Before the Industrial Revolution Cardiff was a sleepy little town on the South Wales coast. That was until mules started arriving laden with coal from the Welsh valleys. The Industrial Revolution took hold, the coal and iron trade took off and a vast complex of docks spread rapidly around the town's natural harbour. The Glamorganshire Canal was built to transport the iron and coal, the railway arrived, and by the late nineteenth century Cardiff had become the largest coal-exporting port in the world. Ships sailed in and out of the harbour from all over the globe. Large numbers of migrant workers were attracted to the area creating the vibrant multi-national community of Butetown. but the decline in the coal and iron industries after the Second World War sounded the death knell for Cardiff's Docklands. By the 1960s Tiger Bay had become a scene of dereliction and with a final sweep of the bulldozers a whole way of life disappeared.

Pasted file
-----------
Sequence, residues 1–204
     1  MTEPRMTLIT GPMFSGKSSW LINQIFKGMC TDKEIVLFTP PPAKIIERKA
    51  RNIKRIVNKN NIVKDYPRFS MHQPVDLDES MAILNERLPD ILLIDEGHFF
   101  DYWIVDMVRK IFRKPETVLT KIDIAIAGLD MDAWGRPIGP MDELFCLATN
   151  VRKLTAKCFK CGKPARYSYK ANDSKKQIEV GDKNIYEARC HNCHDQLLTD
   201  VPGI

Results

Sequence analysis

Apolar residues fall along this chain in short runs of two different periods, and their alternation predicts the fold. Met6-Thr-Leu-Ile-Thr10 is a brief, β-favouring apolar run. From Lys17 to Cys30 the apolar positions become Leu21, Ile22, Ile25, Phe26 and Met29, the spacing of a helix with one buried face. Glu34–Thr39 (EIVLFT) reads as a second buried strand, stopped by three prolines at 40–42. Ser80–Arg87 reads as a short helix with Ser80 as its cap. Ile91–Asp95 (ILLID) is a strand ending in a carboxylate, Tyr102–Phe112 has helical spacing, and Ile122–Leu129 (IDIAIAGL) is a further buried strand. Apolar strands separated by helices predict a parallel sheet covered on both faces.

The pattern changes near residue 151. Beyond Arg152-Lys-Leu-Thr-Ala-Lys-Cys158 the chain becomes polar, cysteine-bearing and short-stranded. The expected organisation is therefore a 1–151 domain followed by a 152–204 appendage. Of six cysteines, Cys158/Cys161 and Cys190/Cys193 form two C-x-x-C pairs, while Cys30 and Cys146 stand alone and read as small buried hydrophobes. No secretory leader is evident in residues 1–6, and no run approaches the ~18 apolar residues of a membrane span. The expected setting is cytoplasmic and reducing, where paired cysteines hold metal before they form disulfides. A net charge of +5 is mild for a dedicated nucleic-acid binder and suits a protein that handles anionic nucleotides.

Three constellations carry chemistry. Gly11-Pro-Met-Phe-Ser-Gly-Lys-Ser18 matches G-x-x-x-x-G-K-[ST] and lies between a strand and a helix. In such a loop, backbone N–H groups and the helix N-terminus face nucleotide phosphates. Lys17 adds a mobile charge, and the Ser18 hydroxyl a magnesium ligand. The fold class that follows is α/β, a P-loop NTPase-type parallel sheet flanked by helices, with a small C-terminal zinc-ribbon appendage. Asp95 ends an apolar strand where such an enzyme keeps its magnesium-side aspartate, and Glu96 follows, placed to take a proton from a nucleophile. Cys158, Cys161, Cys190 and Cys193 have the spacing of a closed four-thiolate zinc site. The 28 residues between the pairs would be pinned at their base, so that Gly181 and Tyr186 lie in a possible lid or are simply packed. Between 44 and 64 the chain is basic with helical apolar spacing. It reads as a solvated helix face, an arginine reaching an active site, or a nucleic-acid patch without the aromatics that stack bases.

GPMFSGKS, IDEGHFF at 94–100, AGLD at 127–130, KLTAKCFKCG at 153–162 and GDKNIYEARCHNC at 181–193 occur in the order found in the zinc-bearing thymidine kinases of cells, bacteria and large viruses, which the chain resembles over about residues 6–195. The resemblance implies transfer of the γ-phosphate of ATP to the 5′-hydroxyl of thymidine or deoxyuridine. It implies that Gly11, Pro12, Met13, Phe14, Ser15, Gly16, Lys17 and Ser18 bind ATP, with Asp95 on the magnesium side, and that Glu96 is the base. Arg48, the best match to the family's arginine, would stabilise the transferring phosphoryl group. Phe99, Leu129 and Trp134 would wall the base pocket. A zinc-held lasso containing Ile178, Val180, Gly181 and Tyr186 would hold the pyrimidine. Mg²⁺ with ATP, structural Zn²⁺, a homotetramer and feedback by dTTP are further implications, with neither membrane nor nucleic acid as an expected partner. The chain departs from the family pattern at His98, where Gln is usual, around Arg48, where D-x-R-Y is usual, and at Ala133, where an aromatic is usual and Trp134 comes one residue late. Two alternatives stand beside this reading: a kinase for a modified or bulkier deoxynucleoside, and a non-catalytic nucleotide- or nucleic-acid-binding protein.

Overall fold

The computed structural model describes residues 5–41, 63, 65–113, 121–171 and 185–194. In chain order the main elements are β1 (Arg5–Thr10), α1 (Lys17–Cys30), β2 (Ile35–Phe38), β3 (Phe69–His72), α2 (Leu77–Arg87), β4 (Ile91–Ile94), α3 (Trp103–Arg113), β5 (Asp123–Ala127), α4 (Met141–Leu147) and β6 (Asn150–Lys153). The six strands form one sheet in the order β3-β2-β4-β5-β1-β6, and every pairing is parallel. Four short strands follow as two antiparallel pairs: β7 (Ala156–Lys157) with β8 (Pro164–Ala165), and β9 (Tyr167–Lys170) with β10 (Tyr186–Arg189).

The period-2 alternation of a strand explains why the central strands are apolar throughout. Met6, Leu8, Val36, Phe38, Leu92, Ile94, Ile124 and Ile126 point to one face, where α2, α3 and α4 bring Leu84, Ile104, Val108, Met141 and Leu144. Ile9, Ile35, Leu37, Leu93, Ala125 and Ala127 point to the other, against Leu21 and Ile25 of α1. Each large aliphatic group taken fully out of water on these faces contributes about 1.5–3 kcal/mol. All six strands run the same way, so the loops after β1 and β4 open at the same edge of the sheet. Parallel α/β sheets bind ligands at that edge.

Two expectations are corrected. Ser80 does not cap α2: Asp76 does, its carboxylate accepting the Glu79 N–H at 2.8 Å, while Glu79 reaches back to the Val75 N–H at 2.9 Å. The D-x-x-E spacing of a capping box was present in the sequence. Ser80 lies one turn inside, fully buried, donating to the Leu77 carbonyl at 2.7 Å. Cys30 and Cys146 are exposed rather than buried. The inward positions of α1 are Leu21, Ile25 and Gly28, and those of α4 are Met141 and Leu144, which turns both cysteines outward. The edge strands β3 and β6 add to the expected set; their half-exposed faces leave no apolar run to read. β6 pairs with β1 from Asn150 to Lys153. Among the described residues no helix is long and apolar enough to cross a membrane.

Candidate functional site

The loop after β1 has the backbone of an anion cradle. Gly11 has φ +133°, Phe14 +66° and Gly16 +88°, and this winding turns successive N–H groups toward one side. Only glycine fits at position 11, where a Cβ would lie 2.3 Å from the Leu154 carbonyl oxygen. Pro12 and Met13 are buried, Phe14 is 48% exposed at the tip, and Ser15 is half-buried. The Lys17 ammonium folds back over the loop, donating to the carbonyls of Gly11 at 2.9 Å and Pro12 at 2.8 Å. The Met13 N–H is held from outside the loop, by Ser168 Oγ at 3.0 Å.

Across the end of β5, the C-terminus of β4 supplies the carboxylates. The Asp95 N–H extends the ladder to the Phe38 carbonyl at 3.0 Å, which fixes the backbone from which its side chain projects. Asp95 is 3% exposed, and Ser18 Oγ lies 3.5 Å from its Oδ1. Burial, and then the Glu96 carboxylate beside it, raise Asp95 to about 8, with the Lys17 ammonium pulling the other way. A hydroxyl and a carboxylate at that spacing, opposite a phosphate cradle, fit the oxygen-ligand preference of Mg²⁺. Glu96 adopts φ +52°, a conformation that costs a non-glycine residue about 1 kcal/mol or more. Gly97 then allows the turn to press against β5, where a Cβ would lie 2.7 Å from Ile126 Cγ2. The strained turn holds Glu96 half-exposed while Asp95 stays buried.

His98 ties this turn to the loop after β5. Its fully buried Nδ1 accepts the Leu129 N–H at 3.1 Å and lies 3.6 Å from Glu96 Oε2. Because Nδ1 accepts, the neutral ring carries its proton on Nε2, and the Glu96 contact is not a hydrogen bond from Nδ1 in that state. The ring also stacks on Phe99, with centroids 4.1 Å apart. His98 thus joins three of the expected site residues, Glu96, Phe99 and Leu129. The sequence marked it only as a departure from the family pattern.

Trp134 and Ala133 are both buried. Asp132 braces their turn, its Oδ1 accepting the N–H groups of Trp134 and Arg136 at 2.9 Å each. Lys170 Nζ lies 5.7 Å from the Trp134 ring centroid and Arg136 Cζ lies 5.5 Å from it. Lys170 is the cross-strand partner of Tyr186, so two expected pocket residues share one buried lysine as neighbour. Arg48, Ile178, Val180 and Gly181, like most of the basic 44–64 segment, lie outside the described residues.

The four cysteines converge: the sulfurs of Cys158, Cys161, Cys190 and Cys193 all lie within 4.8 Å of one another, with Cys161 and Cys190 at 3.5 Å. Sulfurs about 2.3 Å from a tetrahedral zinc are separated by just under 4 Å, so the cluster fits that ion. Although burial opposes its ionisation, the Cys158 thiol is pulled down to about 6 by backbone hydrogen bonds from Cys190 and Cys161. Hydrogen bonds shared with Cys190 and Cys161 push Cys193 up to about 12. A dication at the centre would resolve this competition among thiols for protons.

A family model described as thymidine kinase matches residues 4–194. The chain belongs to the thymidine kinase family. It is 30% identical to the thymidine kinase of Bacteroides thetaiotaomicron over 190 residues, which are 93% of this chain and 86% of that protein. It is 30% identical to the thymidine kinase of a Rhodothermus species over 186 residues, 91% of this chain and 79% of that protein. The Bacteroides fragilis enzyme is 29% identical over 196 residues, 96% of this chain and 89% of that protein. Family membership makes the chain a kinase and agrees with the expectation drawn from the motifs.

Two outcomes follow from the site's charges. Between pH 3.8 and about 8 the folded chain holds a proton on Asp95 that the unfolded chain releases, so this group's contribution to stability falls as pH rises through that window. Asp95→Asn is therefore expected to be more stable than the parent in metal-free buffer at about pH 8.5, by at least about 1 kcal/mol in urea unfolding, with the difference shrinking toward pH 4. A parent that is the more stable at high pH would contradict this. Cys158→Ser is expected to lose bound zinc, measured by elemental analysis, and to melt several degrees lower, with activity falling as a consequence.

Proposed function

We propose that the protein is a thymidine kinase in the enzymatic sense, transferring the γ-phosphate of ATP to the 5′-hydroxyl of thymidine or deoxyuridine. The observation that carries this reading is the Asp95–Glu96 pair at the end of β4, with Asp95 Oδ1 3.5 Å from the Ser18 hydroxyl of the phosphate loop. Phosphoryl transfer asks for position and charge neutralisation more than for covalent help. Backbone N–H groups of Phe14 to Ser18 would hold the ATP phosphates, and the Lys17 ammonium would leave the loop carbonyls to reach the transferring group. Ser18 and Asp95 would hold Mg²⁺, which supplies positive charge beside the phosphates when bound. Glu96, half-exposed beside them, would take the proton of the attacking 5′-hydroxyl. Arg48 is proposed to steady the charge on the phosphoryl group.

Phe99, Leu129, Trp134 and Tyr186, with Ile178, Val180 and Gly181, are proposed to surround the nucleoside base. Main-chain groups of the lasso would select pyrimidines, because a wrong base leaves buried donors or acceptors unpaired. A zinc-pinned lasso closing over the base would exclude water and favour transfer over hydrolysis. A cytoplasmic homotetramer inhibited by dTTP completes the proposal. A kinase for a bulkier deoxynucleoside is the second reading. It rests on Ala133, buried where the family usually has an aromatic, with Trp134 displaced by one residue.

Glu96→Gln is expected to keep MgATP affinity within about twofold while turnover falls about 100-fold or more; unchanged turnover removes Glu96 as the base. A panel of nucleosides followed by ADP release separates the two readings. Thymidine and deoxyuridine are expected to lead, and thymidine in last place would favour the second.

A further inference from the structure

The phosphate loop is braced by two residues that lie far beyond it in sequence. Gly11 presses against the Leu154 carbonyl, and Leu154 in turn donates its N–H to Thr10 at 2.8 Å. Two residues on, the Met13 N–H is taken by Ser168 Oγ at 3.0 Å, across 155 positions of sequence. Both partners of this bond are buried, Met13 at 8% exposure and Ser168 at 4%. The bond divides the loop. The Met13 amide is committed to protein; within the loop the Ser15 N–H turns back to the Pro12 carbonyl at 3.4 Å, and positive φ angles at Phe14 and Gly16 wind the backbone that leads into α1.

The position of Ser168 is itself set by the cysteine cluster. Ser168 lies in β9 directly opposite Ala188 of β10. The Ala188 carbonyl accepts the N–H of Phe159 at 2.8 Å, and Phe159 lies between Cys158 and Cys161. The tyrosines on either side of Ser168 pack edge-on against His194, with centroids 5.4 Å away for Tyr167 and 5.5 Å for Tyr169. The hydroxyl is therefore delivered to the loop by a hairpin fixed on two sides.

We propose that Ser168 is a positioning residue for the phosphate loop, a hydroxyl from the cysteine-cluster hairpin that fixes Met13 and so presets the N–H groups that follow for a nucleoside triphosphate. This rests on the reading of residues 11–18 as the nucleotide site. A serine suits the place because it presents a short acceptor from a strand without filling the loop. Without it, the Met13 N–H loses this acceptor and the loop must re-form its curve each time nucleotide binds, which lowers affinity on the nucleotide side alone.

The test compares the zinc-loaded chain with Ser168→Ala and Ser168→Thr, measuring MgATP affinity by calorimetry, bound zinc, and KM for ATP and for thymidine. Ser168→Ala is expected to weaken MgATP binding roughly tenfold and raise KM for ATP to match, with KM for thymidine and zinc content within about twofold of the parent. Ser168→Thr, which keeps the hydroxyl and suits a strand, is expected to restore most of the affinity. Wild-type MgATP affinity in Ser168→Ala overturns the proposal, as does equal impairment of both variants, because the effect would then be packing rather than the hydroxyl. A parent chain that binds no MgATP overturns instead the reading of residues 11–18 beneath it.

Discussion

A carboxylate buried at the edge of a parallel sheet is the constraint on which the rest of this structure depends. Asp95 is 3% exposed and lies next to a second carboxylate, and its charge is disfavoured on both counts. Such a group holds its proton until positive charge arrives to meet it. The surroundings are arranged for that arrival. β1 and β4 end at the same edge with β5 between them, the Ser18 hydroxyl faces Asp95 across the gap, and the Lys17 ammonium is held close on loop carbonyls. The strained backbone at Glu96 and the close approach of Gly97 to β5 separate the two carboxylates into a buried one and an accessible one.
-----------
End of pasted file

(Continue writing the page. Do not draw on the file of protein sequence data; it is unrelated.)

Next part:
Brian Lee tells the fascinating story of this exciting period in Cardiff's history, illustrated with his selection of more than 200 remarkable photographs which capture the spirit of the era: huge new docks opening, cargoes swinging from ship to shore, warehouses filled to overflowing, streets and pubs a flurry of activity, royal visits and carnivals, and a multitude of different vessels.